What paper do you print your photographs with?

Paper is a big deal for me. I have always had a love for good paper: how it looks, how it feels, and even how it smells! The right paper can take a good photograph and transform it into something special. One of the joys of modern inkjet printing is the huge variety of media we now have available to us. You used to only be able to print a photograph on a handful of substrates. But now we have everything from glossy to matte, from smooth to velvet, from traditional style papers to raw cotton-rags. Even sheets of metal, thanks to Booksmart Studios, and really any thin flat surface can be made printable, thanks to InkAid.

I use Crane Museo

In spite all of the variety that is available, I have found that I prefer just a small set of papers. In fact, I do 95% of my printing on one: Crane Museo. This is a 100% cotton rag paper with a soft velvet finish. I chose this paper because I feel it really supports the organic nature of my abstract photography. I like how it makes them feel like “art objects” as opposed to just prints. It has just enough tooth to give the paper character and add a subtle texture to my photographs, while still being smooth enough to handle easily and show off details.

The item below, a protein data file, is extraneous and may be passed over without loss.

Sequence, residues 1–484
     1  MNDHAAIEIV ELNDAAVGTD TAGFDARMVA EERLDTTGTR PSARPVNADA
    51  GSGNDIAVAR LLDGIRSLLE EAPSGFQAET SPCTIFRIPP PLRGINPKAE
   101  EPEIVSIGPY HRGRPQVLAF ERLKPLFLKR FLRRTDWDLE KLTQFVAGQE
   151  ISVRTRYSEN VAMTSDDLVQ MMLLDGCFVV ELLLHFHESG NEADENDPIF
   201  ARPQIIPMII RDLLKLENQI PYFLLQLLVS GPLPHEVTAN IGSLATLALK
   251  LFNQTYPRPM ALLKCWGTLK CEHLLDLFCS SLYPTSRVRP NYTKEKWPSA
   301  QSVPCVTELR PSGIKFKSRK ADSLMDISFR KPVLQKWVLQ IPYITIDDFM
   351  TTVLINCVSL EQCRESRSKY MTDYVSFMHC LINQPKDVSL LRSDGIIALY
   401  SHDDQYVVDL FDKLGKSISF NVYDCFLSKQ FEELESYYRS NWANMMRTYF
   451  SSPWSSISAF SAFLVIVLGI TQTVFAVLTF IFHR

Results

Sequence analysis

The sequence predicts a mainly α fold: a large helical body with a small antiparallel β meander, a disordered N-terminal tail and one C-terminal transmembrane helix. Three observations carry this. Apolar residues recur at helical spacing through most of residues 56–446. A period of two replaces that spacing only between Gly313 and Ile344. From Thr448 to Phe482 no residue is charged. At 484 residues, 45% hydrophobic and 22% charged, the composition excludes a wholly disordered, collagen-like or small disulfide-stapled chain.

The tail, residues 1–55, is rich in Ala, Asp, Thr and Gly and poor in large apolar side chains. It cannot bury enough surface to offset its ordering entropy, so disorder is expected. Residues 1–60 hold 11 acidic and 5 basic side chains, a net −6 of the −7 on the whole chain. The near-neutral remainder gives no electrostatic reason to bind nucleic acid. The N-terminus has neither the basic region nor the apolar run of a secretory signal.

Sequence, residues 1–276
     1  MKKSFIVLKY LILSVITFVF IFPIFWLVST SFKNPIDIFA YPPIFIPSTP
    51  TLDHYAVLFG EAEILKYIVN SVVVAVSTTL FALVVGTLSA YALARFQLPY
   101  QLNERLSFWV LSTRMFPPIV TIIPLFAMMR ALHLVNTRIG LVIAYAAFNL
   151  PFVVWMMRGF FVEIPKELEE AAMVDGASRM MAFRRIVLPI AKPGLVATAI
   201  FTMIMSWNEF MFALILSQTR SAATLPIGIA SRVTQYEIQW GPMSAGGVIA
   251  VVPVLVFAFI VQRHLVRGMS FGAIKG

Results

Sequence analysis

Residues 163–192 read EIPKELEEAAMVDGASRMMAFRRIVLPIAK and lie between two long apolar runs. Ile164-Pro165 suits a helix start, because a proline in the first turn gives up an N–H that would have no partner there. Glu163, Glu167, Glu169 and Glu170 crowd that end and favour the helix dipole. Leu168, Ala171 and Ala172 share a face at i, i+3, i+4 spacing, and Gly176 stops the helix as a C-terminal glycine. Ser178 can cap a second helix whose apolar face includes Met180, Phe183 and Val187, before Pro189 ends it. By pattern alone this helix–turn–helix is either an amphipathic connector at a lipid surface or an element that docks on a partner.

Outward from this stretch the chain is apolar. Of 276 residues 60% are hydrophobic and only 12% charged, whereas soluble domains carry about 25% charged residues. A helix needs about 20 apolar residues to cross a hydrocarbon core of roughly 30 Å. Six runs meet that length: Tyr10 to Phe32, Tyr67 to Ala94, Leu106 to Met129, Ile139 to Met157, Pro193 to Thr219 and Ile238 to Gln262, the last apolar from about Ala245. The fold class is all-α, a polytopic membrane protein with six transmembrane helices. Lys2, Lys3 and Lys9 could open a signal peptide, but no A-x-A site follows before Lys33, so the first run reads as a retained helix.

The paper has no optical brighteners in it, so it has a natural off-white color. This might put some people off, but I love it. It celebrates the true organic nature of the paper, and lends my photographs a warm and natural feel. And it really supports the sweeping gradations of color which are so important to the character of my images. Museo comes in a couple weights: 250GSM and 365GSM. The heavier weight is beautiful stuff, and feels great in the hand, but I find I use the lighter weight more. It’s still a nice substantial stock, yet it easier to handle, and much easier to roll into tubes for shipping.

What paper do you use?

All of this variety can be rather intimidating. Trying to decide which paper to use can be a complex and very subjective problem. So I was curious: what paper do all of you use for your printing? Do you use just one, or do you play with a variety? Why did you choose those papers? Do you use a paper that adds character to your photographs, or one that gets out of the way of your images? Be sure to share the name, weight and other details that effect your decision. Thanks!


I share your love for paper. Some of my fondest childhood memories involve roaming around the local stationer’s with my grandmother. (Staples just isn’t the same.)

Right now I make my prints on Moab Entrada. I’ve used the 190gsm and 300gsm in bright and natural and my overall preference is the 300 natural. The look and hand are very similar to hot press watercolor paper. Just enough texture without being overpowering.

Why I like it: Apart from the lovely weight and finish, it’s 100% cotton rag, produced in the U.S. I have spec’d Legion Paper’s products in the past for offset jobs (Cougar Text & Cover) and have always been very happy with them. Finally, They are the parent of the venerable Somerset and Arches lines, which speaks to their commitment to fine paper making. As a side note, I have made for a friend some limited edition prints of her pastel paintings on Arches 230gsm smooth and that paper is simply luscious! But too rich for my blood right now, sadly.